Cessna Aircraft has apparently destroyed its entire inventory of unsold Model 162 Skycatcher light sport aircraft. Photos published in December show complete but unassembled airframes, including engines, being hoisted by grab cranes and then apparently being crushed. It is thought that up to eighty Skycatchers have been scrapped. Whilst not confirming the precise number, a Cessna spokesperson told the Avweb online newsletter that it had ‘utilized the remaining inventory for spare parts to ensure the current fleet of fielded aircraft can receive ongoing support… [and disposed] of what remained after salvaging usable parts’.
Launched in 2007, the Skycatcher was Cessna’s bid for the then seemingly lucrative Light Sport Aircraft market. Ultimately the company was reported to have orders for 1,200 worldwide. Manufacturing was based in China, and first customer deliveries were made in 2011. But an unexpected price increase from the initial $100,000 to $150,000 and new parent company management at Cessna that had little enthusiasm for returning to the bottom end of the GA market — Chief Executive Officer Scott Ernest saying in 2013 that the Skycatcher “had no future” — sales efforts were brought an end to that year. It is not clear how many Skycatchers may be in active service with customers.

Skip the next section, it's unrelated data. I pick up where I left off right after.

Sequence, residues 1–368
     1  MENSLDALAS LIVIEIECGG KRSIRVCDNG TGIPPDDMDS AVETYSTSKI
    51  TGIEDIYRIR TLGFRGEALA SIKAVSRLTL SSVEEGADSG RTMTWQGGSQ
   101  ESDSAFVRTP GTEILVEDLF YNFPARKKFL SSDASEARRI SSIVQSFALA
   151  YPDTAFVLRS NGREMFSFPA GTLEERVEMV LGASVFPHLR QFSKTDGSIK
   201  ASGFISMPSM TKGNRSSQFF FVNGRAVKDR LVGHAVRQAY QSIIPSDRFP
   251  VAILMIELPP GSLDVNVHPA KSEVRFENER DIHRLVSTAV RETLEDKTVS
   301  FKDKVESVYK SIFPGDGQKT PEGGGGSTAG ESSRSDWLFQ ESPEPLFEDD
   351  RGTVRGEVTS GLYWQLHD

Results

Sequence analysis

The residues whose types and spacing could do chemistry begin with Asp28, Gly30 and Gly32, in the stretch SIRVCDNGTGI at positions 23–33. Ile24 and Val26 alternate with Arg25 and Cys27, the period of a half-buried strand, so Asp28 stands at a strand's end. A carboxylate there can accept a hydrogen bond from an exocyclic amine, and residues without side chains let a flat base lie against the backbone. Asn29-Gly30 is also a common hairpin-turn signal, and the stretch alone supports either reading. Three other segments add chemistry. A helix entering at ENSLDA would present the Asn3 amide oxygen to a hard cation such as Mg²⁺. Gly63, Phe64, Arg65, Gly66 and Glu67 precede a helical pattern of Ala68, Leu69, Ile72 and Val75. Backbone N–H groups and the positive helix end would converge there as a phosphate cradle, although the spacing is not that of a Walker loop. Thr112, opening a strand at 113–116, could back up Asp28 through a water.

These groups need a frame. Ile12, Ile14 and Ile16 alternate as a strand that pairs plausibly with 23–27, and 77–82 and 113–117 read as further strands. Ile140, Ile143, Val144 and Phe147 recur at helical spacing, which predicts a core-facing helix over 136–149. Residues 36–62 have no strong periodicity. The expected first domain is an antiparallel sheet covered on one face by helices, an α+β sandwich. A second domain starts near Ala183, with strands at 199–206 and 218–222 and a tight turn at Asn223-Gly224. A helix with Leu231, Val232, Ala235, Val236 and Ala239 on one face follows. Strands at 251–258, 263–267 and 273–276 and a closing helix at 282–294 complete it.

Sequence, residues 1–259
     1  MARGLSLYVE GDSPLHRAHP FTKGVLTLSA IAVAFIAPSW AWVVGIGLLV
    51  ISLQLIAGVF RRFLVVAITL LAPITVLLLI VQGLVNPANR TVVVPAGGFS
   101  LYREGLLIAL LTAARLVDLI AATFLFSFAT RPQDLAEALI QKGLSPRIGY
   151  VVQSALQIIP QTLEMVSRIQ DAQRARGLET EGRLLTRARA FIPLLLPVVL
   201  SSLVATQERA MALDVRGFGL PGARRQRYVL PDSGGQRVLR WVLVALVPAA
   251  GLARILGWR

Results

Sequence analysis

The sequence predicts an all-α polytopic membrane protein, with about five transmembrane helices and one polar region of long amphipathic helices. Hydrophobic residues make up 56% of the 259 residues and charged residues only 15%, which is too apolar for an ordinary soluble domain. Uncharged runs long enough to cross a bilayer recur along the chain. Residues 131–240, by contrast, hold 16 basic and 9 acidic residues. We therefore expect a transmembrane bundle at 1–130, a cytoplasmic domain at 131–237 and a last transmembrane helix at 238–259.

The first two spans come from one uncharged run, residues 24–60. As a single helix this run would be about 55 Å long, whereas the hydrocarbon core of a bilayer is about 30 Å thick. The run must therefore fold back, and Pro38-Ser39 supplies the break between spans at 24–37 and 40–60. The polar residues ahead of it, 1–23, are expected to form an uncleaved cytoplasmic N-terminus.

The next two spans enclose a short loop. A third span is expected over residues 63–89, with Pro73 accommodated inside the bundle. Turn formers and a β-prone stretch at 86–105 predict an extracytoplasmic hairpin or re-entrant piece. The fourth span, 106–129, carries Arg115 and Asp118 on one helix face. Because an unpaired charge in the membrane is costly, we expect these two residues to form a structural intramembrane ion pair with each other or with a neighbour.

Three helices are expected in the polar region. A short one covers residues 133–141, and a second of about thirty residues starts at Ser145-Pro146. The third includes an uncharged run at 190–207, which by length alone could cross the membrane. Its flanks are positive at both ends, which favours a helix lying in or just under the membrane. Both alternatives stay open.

This is not the first example of Cessna scrapping a model line. In 1962 the company stopped production of the CH-1 Skyhook helicopter and, to avoid ongoing support and liability, bought back all those sold to commercial customers. Along with unsold
airframes, it reportedly bulldozed them into the ground. A sole example of the military YH-41 version is known to exist, in the US Army Aviation Museum at Ft. Rucker, Alabama, while unconfirmed rumours surface occasionally of examples exported to the air forces of Iran and Ecuador still surviving.
Above left and inset: Skycatcher airframes in storage and on their way to being scrapped Above right: the ill-fated CH-1 Skyhook helicopter